5. #25
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    Toronto
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    Quote Originally Posted by Fred McKim View Post
    I think a better approach is to let organizers have a reduced entry fee for seniors. $2,000 loss of revenue is significant considering that we generally only have $5-8,000 of discretionary funds.
    Fred, at the Toronto Seniors Championship, where this issue came up, the entry fees are:
    $20 - for seniors 50+,
    $15 - for seniors 60+,
    $10 - for seniors 70+.

    How much would you reduce such entry fees?
    Thanks,
    Michael Barron

  6. #26
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    Victoria BC
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    I'm still uneasy about the loss of income in an organization that barely breakes even financially.
    Paul Leblanc
    Treasurer, Chess Foundation of Canada
    CFC Rating Auditor
    CFC Governor

  7. #27
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    Aug 2011
    Location
    Toronto, ON
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    There are some additional consequences that have not yet been addressed. For the purposes of allocating funding, and determining numbers of governors representing various regions, I understand that Junior memberships count less.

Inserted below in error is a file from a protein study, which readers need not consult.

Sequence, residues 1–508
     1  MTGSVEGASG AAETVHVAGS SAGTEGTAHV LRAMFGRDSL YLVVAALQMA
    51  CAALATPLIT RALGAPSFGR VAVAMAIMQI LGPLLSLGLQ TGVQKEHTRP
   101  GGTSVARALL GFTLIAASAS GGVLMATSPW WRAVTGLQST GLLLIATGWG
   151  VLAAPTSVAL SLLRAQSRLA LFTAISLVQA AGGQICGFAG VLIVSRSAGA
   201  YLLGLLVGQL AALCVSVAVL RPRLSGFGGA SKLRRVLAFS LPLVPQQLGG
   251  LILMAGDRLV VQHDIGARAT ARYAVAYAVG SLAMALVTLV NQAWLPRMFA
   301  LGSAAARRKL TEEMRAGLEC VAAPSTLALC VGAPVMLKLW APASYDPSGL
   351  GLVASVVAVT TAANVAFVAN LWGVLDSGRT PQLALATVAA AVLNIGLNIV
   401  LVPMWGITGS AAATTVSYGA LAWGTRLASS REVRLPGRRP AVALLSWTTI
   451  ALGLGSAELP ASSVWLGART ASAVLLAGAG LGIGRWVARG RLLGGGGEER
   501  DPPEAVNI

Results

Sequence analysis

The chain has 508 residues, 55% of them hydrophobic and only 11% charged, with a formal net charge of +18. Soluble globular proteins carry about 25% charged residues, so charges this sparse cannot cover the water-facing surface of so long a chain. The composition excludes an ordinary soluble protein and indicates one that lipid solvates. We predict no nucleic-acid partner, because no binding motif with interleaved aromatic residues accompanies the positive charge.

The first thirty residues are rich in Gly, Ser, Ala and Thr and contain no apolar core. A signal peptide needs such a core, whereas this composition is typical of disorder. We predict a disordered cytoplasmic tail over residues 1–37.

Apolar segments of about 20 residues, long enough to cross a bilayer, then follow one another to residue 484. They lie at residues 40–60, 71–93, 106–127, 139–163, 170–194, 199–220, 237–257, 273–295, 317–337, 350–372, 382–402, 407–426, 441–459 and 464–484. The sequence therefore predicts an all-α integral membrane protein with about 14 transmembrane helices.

Would this mean that Senior memberships would also count less - i.e., regions that had a relatively greater number of Senior members would now have less representation (fewer CFC governors) under the proposed change?
    Marcus Wilker
    (Annex Chess Club, Toronto)
    CFC Voting Member, Ontario
    GTCL Secretary

  8. #28
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    Governors have always been allocated according to the Per Capita Fee method outlined in the Handbook so I would expect a reduced fee would be reflected there. This is how it currently works on the Family Membership class. (Which was originally intended so to give multiple members in the same household the option to get only one copy of EP)

    The only time something like this has come up in recent years was in relation to Honorary Members who are mostly FIDE title-holders. Several of them (mostly the IAs) were already Life Members and by the formula then in use Honorary members did NOT count towards Governor allocation. (In two years in the 1990s BC lost a Governor for this reason - as then BCCF Secretary I was somewhat perturbed on this!) Besides this we have numerous FIDE title holders who under our rules are entitled to Honorary Membership which has never been granted since the individuals were already Life Members - Lynn Stringer and myself are two and I know there are others.

    We eventually came to the rule that Honorary members would be treated in all respects including the Governor calculation in the same manner as a Life Member who for the Governor count is the same as a Regular member.